Does Vinegar Kill Bed Bugs
Bed bug infestations are annoying and difficult to deal with. Chemical insecticides are lauded as the remedy for this pest, but not everyone is comfortable using such chemicals in their own home. On top of that, certain products can be dangerous to our pets or even to humans. Luckily, there are natural alternatives, but not all of them are equally effective. Let’s find out if vinegar kills bed bugs and what other options you have.
Can Vinegar Kill Bed Bugs?
Well, yes and no. The acidic properties of vinegar are toxic to bed bugs and affect their nervous system. Vinegar can kill bed bugs, but you most likely won’t be able to get rid of the whole infestation that way. This solution is simply not effective enough for such a big task, so consider combining it with another method.
That being said, vinegar is still a great go-to option to help you kill bed bugs faster or even to keep them away at night. If you can stand the smell, that is.
How to Use Vinegar to Kill Bed Bugs
Using vinegar to get rid of bed bugs is a simple and straightforward process. The basic steps are the following:
- Buy vinegar and a spray bottle. White vinegar would be the best option, as it is the most acidic kind. We don’t recommend diluting it with water because that will decrease its effectiveness.
- Find all infested areas. In order to kill bed bugs, you’ll have to find them first. Check the areas behind furniture, corners, electrical outlets, baseboards, holes in walls, loose wallpapers, and any other hidden spots you can think of.
- Soak around the infested area. Before you start spraying bed bugs themselves, soak the surrounding area with vinegar. That way, if they start scattering away, they’ll run straight into the solution.
- Spray the bed bugs. Direct spraying is the only way to kill bed bugs with vinegar. Spray every bug you see – including eggs, although this solution might not be as effective at them.
- Rinse and repeat. Killing all the bed bugs in your home using only vinegar is, well, pretty much impossible. However, you can increase the effectiveness of this method by repeating it regularly over the following weeks.
Although the process seems simple enough, we’d be lying if we said there are no disadvantages of using vinegar to get rid of bed bugs. The most obvious one is that the solution simply isn’t effective enough to get rid of an infestation on its own. However, there are a handful of other issues:
- Vinegar has a strong, unpleasant smell that is difficult to get rid of
- It might damage certain types of furniture such as wooden, waxed, and granite items
- If the solution isn’t strong enough, it might only push the bugs deeper into their hiding spots instead of killing them
- If you have a pet, excessive exposure to vinegar could cause irritation of its eyes, nose, and lungs, or trigger stomach issues.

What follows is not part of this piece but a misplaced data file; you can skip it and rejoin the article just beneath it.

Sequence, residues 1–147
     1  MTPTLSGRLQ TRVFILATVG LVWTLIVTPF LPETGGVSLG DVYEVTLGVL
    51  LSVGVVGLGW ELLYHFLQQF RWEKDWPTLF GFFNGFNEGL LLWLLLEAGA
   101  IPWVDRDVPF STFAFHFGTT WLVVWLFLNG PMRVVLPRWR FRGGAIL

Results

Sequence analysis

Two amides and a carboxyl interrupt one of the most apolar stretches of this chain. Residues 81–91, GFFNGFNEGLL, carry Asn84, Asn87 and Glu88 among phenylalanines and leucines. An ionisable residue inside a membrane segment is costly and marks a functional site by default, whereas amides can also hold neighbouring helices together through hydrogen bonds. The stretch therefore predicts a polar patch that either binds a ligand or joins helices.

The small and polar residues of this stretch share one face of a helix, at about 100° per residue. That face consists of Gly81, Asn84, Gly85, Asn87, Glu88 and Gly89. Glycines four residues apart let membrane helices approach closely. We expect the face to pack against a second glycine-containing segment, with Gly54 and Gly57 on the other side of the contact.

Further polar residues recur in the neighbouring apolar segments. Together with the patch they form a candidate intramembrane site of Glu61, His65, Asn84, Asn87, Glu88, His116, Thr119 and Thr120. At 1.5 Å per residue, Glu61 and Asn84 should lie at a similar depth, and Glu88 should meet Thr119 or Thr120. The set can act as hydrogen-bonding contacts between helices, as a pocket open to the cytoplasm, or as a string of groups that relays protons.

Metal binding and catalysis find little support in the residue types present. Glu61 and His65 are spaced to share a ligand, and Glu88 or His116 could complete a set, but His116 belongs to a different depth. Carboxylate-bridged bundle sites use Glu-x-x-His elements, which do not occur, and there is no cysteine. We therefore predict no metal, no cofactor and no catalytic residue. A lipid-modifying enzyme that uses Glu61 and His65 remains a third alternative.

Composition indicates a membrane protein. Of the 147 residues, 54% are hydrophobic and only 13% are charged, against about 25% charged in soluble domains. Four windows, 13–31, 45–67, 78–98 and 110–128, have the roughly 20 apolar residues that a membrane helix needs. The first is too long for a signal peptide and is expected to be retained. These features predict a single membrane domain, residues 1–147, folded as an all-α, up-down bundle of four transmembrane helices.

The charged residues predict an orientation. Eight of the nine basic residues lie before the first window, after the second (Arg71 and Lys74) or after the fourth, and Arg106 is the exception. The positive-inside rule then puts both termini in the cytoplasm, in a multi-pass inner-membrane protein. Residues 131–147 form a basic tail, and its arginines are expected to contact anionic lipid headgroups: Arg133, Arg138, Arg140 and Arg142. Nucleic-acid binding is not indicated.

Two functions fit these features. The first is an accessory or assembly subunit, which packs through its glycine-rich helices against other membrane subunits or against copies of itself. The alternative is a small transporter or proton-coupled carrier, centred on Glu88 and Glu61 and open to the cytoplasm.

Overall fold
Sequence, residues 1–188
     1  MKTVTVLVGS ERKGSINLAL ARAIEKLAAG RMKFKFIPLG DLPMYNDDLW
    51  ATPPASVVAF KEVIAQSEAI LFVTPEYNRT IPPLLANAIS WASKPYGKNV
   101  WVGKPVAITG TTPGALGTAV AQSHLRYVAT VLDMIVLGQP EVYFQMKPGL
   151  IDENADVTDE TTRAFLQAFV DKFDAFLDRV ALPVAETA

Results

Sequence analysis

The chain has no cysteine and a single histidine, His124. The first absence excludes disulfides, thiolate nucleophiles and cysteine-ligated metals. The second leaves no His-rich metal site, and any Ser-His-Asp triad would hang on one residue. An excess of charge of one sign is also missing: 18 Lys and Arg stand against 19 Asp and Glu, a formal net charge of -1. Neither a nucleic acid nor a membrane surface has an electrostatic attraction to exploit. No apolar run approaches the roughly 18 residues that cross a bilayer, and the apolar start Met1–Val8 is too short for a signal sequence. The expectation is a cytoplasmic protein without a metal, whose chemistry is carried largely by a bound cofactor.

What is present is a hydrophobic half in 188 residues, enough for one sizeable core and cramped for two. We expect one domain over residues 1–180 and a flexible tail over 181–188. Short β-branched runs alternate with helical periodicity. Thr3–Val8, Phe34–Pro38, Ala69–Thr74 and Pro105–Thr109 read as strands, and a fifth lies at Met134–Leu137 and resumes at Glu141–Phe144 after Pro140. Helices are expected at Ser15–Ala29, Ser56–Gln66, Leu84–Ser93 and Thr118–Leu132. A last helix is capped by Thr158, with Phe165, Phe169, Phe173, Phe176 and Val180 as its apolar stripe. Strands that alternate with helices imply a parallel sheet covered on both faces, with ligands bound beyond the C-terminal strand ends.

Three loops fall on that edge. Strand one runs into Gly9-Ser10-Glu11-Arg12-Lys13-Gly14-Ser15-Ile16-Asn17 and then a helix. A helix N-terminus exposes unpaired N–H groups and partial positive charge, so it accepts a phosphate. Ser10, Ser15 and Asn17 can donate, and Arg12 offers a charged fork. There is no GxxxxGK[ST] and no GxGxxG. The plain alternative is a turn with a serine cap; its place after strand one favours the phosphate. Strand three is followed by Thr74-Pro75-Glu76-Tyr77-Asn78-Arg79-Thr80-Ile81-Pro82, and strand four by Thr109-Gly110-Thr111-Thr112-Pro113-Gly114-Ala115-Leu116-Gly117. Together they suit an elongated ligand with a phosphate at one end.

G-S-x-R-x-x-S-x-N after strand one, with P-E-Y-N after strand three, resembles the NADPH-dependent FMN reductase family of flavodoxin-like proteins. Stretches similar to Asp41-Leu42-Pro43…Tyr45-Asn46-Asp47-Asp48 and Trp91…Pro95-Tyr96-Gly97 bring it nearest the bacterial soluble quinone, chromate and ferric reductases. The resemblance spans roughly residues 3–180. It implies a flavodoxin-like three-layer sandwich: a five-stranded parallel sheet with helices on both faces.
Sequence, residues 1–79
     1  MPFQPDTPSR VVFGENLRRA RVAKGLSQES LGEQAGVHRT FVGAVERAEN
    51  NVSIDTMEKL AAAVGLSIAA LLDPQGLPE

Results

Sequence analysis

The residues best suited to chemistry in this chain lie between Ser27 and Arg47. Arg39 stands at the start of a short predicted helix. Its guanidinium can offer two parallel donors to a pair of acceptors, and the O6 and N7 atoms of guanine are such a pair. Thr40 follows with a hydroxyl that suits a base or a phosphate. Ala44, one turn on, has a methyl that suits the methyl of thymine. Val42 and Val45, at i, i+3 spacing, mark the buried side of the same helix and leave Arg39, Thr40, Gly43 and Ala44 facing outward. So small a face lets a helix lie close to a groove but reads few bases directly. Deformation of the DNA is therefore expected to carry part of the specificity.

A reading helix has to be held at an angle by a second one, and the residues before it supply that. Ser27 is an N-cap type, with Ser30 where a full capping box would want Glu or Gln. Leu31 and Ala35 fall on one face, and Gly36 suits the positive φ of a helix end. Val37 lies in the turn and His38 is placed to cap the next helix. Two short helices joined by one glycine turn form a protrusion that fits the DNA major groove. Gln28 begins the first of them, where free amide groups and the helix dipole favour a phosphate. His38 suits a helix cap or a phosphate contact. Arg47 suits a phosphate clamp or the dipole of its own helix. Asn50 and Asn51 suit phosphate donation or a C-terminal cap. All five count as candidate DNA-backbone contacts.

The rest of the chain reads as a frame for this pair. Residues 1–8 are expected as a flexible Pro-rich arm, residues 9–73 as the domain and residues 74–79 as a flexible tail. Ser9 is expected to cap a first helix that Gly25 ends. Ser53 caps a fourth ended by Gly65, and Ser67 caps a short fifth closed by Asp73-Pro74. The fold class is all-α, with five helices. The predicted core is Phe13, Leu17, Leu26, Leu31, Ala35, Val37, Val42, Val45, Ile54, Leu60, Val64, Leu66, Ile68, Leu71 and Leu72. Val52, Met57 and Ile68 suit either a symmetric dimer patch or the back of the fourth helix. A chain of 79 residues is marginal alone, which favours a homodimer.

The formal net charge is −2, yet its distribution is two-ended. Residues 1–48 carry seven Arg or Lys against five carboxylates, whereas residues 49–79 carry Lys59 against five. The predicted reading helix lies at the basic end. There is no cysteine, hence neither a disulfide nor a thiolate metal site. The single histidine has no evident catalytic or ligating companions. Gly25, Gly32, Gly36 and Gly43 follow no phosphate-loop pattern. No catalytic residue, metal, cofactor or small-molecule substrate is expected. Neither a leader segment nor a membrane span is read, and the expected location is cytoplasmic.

Other Ways to Get Rid of Bed Bugs
As we’ve already mentioned, if you plan on using vinegar to exterminate bed bugs, you will have to combine it with other methods. Luckily, there is a wide array of options to choose from, but here are some of the most popular and most effective ones.
Heat Kills Bed Bugs Effectively…
These pests are pretty sensitive to high temperatures. That is why washing all your clothes and bed sheets at the highest temperature setting (and drying them the same way) is the first thing you should do when you realize your home is infested with bed bugs.
As for the items that can’t be washed in the washing machine, you can put them in plastic bags, tie the bags, and leave them in a hot place (such as a car during the summer months) for at least a few weeks. Use a steam cleaner to treat furniture and carpets.
…And So Do Freezing Temperatures
If you don’t have a spot hot enough to make sure the bed bugs in the plastic bags die, cold places will do, too. Simply put the bags in the freezer and leave them there for a few months.
Of course, the simplest and most straightforward DIY solution is to buy an insecticide. There are several different kinds based on ingredients, the most common ones being pyrethrines and pyrethroids. However, certain strains of bed bugs can develop resistance to them. If you suspect that is the case, the next option will be pyrroles, or more specifically, a chemical compound called chlorfenapyr.
Desiccants are another effective method of getting rid of bed bugs. They are great at absorbing water from anything they touch. This is exactly how they kill pests – by drying out the insect’s shell. What’s more, unlike some other solutions, they are impossible to develop resistance to. If you decide to use desiccants to kill bed bugs, be cautious – they pose an inhalation risk for people and pets and could lead to health issues. Ideally, you should only use them in crevices and holes and avoid applying them to larger surfaces.
Aside from vinegar, there are a few other things you might be able to find around the household that will do the trick. These include some essential oils (such as cinnamon, tea tree, lavender, and lemongrass), rubbing alcohol, baking soda (which doesn’t kill bed bugs, but can make their hiding spots uninhabitable), and bleach.
Who says you have to do it all by yourself? Bed bugs can be extremely difficult to get rid of, especially if you’ve never had to deal with this issue before. Calling professional bed bug exterminators is always a great option. Sure, it will cost you more than a bottle of bug spray, but it will be much more effective, and you will avoid making any mistakes that could make things worse, damage your furniture, or even put your health in danger.